For $2,750, Go Beyond The Egg-spectedS

Consider, if you will, the Ferrari 512BB, Lamborghini Countach, and DeTomaso Pantera, heady names all, and each one of them featuring a longitudinal mid-engine layout. You can add to that list today's Nice Price or Crack Pipe Previa, but will its price also put it in an exclusive crowd?

Classical Gas was a hit instrumental for Smothers Brothers comedy writer Mason Williams back in 1968. It's also a term which could have been used to describe yesterday's propane-powered 1969 Mustang. Unfortunately for its seller, 92% of you felt there was nothing classic about its price and it went down in a flatulent Crack Pipe loss.

Do you remember the last time a Toyota was interesting? I'll give you a moment, and no Scions and the Lexus batmobile don't count. Okay, time's up, have you got it? Now, think a little harder, when was the last time a Toyota minivan was interesting? In fact when did the somnambulant brand actually have the MOST interesting minivan on the road? Give up? Okay, let's go back a bit

When Chrysler introduced their K-car based minivans in the eighties, it seemed like every other car maker with a stake in the U.S. market slapped their foreheads and uttered why didn't we think of that? This of course discounts the fact that Ford, Chevy and Dodge each once offered tidy little passenger vans, all conceptually based on European progenitors like the DKW Schnellaster and Lloyd 600. Oh, and I guess the VW Type 2 as well.

Still, when the '80s rolled around and Lee Iacocca plugged a third row into the K-car platform, the response was like Chrysler had invented cats that give a shit, and suddenly it seemed everyone had to get on the minivan bandwagon. Toyota's first attempt at addressing this new American soccer mom fad was the repurposed Space Wart, er Van, a forward control people mover of dubious looks and all the stability of a Justin Bieber admirer.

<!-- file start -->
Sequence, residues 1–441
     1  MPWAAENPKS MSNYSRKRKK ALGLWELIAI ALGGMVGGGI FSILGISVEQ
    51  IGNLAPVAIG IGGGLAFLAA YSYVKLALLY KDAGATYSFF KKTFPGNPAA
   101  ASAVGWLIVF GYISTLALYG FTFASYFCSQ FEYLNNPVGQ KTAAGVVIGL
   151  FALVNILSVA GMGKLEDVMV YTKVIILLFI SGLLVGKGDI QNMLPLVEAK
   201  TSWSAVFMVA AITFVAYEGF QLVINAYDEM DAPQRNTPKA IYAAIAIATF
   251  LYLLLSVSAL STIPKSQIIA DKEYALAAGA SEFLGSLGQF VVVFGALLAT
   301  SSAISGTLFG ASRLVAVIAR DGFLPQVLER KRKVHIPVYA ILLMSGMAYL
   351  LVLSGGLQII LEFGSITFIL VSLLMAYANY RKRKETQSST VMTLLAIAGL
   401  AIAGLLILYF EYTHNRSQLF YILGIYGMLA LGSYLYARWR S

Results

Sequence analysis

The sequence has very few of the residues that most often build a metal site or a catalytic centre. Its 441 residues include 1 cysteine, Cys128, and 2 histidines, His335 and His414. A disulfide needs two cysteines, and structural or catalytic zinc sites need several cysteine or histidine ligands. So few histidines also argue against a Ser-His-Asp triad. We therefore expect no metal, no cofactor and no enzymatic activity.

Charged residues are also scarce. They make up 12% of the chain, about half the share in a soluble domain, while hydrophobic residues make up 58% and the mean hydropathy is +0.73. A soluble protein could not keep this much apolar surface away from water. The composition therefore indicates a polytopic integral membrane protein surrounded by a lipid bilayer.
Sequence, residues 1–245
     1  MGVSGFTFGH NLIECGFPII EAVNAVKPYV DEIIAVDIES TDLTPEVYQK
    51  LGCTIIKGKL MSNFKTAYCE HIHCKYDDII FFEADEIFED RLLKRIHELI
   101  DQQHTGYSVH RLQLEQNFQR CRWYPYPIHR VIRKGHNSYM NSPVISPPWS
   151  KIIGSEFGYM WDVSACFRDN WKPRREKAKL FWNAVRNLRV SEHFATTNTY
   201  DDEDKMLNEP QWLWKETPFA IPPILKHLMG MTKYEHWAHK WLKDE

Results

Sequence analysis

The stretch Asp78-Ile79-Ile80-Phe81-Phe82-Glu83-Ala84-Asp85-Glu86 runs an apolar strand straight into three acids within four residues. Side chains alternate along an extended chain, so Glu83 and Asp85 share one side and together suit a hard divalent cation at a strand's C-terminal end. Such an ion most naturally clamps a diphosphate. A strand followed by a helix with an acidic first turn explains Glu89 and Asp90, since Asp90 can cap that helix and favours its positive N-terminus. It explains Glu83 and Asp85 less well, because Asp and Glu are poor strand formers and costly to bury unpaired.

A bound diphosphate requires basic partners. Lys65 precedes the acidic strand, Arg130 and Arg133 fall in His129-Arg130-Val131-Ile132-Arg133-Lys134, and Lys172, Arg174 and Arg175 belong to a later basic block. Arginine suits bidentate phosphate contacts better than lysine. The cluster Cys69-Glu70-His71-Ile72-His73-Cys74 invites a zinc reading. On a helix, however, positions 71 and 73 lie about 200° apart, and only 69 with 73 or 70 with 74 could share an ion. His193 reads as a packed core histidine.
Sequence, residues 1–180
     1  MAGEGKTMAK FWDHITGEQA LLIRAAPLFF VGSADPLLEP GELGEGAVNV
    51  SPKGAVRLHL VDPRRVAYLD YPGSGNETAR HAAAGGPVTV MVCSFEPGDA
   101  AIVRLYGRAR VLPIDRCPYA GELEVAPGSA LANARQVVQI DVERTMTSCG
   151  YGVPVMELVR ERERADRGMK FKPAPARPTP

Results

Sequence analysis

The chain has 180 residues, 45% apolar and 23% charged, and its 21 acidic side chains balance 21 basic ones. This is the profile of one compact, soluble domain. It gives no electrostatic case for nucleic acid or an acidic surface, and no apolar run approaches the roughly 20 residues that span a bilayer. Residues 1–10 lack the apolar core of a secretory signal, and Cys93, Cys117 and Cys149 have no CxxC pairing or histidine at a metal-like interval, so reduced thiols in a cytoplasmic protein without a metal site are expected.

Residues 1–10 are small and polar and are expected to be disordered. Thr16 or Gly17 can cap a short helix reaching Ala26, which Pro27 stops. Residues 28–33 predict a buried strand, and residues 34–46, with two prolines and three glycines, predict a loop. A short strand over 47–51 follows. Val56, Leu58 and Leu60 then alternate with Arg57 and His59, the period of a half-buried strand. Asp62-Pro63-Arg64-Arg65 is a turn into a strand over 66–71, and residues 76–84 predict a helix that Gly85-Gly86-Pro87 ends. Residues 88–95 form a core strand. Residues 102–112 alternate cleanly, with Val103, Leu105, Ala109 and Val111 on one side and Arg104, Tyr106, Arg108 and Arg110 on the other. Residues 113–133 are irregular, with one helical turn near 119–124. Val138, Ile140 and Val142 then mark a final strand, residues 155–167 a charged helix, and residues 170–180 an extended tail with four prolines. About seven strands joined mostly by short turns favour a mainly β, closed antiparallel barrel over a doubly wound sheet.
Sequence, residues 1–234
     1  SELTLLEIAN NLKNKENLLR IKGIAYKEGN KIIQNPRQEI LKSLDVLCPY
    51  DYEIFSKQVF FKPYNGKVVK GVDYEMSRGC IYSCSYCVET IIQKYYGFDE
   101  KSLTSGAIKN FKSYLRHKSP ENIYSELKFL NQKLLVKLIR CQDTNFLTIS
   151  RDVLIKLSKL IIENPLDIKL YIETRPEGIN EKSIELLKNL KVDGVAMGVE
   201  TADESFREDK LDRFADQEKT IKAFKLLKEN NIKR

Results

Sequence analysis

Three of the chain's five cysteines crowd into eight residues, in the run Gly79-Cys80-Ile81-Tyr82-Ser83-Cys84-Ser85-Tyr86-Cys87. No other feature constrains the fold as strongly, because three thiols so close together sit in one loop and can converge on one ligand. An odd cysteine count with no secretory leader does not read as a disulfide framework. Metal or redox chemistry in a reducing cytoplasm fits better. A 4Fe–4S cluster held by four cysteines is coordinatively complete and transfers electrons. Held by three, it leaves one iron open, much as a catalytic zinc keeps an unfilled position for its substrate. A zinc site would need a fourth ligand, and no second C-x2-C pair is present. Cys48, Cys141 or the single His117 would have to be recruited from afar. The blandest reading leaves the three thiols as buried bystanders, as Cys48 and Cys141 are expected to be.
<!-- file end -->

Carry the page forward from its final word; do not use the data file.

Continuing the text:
For $2,750, Go Beyond The Egg-spectedS

Of course, with the exception of Corolla redesigns, Toyota doesn't often sit on their hands when it comes to not meeting a market segment and the Space Van's replacement was the larger, and more gloriously weirder Previa.

Egg shaped and featuring a Japanese market model called the Estima Emina (which is a little too close to enema for my comfort), the Previa remains to this day the wildest and most adventurously engineered modern minivan this side of a Pinzgauer. The original Previa featured a mid-engine four, which was tilted over at a jaunty 75° angle and then shoved under the cabin floor. Seeing as mid-engine cars can suffer from maintenance access issues, Toyota also separated all the accessories from the 2.4-litre 2TZ and moved them under the severely sloped front hood, driving them via the cutest little driveshaft you've ever seen.

For $2,750, Go Beyond The Egg-spectedS

The Previa was also made available with both a supercharged edition of that 2TZ, and a 5-speed stick, but unfortunately not at the same time. This 1991 Previa lacks the former (boo) but does have the latter (yay), puting it in solid compliance with the first criteria of Jalopnik courtship. Along with the manually transmitted power, this 271,000-miler is said to still run like a sewing machine, and to have working A/C and heat, a plus if you're on the fence about that climate change hoo-haw.

The bodywork looks pretty darn good in the photos, although there is what appears to either be a crease or an extra-long drip of bird shit on the hatch. Either way, ugh. Also back there - Hook 'em Horns! On the inside, the upholstery looks remarkably clean and non-squished, and the Previa's striped seat pattern looks as good today as it did when Clinton was in the White House.

For $2,750, Go Beyond The Egg-spectedS

Over the years minivans have gotten a bad rap, and perhaps the nadir of the category's existence was a Mitsubishi ad in which a guy in a gym wouldn't respond to an announcement that a beige van had its lights on in the parking lot. Of course I'll bet that far more of you give two shits about this Previa than about 90% of Mitsubishi's current lineup so screw them.

Speaking of getting screwed, it's now time to decide if this Previa's price is likewise a boning offense. The seller is asking $2,750, which in light of his suggested alternative of a trade for a small pickup seems the better choice. But is it a bargain? What do you think about this 5-speed Previa for $2,750, does that seem a worthwhile deal? Or, is this a mid-engine van with a far out there price?

You decide!

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